Jerald Block noted that the state and Lafourche Parish could disagree on aspects of the litigation. But if that happens, the Blocks both said they are prepared to advocate for their respective clients.

“There may be a very necessary division of responsibility between the state and the parishes in connection with this case,” Jerald Block said. “If there is, then I’m prepared to represent Lafourche Parish. My job is simple: to represent Lafourche Parish to the best of my ability. And that’s what I intend to do. “

The Louisiana Code of Governmental Ethics might have prevented the Edwards administration from hiring Jerald Block because of his family ties to the governor’s counsel, but experts said that prohibition would not extend to his hiring by the parish.

Edwards and Matthew Block emphasized that neither they nor anyone in the administration urged Lafourche Parish to hire the Block firm.

On top of that, both Blocks say they have spoken little with each other about the litigation. The senior Block said his communication with the state on the matter has been mostly with Donald Price, a former trial lawyer hired by Edwards to oversee the coastal litigation on behalf of the state Department of Natural Resources.

Both Blocks said they attended a small meeting on the litigation that Attorney General Jeff Landry convened, with the elder Block representing Lafourche Parish and his son representing the state.

In fact, Landry is responsible, at least indirectly, for the Block firm being hired, according to Lafourche Parish President Jimmy Cantrelle.

Cantrelle said the parish hired Block because Landry “said we should have someone to sit at the table in case anything happens.”

He said Block’s job would be “to get as much money as possible for the parish,” adding that he has faith in the ethics of both Blocks.

The oil and gas industry has sought to highlight the connections between the lawyers taking them on and the politicians who have hired them — as well as the potential fee jackpot the lawyers could win in a settlement.


Gov. John Bel Edwards’ administration has reworked a controversial contract with a group of lawyers whom Edwards named to represent the state in a series of lawsuits against oil and gas companies accused of contributing to the erosion of Louisiana’s fragile coastline.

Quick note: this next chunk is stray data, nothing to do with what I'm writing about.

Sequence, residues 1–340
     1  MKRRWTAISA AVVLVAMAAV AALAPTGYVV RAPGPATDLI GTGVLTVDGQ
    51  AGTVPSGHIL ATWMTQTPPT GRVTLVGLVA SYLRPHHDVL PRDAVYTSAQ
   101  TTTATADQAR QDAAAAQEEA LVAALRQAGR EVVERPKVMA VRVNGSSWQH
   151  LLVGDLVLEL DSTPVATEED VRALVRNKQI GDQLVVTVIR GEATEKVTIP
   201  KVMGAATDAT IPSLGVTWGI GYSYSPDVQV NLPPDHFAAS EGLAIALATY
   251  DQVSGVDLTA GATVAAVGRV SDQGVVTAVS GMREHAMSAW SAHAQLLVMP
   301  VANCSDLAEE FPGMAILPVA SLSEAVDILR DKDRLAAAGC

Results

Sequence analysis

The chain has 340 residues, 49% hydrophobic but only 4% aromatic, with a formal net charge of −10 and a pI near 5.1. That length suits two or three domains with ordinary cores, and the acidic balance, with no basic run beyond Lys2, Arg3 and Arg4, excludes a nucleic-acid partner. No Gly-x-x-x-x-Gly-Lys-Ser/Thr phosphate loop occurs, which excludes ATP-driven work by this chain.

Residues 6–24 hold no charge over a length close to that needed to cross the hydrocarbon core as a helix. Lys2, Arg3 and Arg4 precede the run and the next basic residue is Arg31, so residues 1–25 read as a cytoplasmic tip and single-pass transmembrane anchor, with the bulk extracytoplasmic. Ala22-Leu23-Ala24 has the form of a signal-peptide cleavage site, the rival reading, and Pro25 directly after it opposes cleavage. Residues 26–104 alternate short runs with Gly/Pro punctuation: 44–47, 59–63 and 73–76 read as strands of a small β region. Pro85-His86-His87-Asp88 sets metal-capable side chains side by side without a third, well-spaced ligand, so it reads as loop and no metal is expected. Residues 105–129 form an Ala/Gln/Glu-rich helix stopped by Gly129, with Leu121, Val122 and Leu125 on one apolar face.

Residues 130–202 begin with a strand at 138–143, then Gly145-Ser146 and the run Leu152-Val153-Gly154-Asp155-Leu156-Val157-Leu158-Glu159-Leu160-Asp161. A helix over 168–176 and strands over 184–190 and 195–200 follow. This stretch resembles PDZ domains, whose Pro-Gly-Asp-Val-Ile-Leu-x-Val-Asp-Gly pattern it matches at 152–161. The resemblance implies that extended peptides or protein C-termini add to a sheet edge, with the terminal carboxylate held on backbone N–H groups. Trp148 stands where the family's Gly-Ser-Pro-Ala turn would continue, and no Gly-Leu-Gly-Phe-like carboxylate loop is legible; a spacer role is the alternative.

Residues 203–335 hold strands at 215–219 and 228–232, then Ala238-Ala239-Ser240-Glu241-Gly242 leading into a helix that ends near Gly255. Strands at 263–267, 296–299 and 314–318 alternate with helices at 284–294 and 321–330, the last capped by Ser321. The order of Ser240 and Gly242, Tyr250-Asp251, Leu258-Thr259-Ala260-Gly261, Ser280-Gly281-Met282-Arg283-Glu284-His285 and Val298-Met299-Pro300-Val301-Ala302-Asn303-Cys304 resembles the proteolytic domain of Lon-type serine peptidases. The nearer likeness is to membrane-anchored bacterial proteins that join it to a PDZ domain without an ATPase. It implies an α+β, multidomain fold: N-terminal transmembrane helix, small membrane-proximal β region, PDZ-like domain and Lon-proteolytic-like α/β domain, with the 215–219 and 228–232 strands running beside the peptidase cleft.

Landry has been perhaps the governor’s most prominent critic of late, and he recently refused to approve proposed contracts with a group of lawyers that includes many Edwards campaign donors.

But even as he spars with the Edwards administration, and Matthew Block in particular, Landry is using the Block Law Firm to represent his office in at least two matters, according to a review of the attorney general’s contracts.

Edwards said that’s probably because “they’re a good law firm and they’ve been a good law firm for a long time. I’m not sure exactly what role they’re playing with the attorney general, but I don’t have anything to criticize either the Block Law Firm or the attorney general for about that arrangement.”

Landry said he hired Block to “sift through” a raft of pharmaceutical cases the state was involved in, allowing the attorney general to cancel contracts with other law firms.

“He’s done a great job for me, I’ll tell you that,” Landry said.

Cantrelle said he’s not worried about the parish’s choice of lawyers. If a problem or potential conflict arises as the litigation slogs along, he said, he’s confident Jerald Block will speak up.

“I’m sure Mr. Block would not get into a compromising position,” Cantrelle added. “They are both good people.”

Staff writer Tyler Bridges contributed to this report.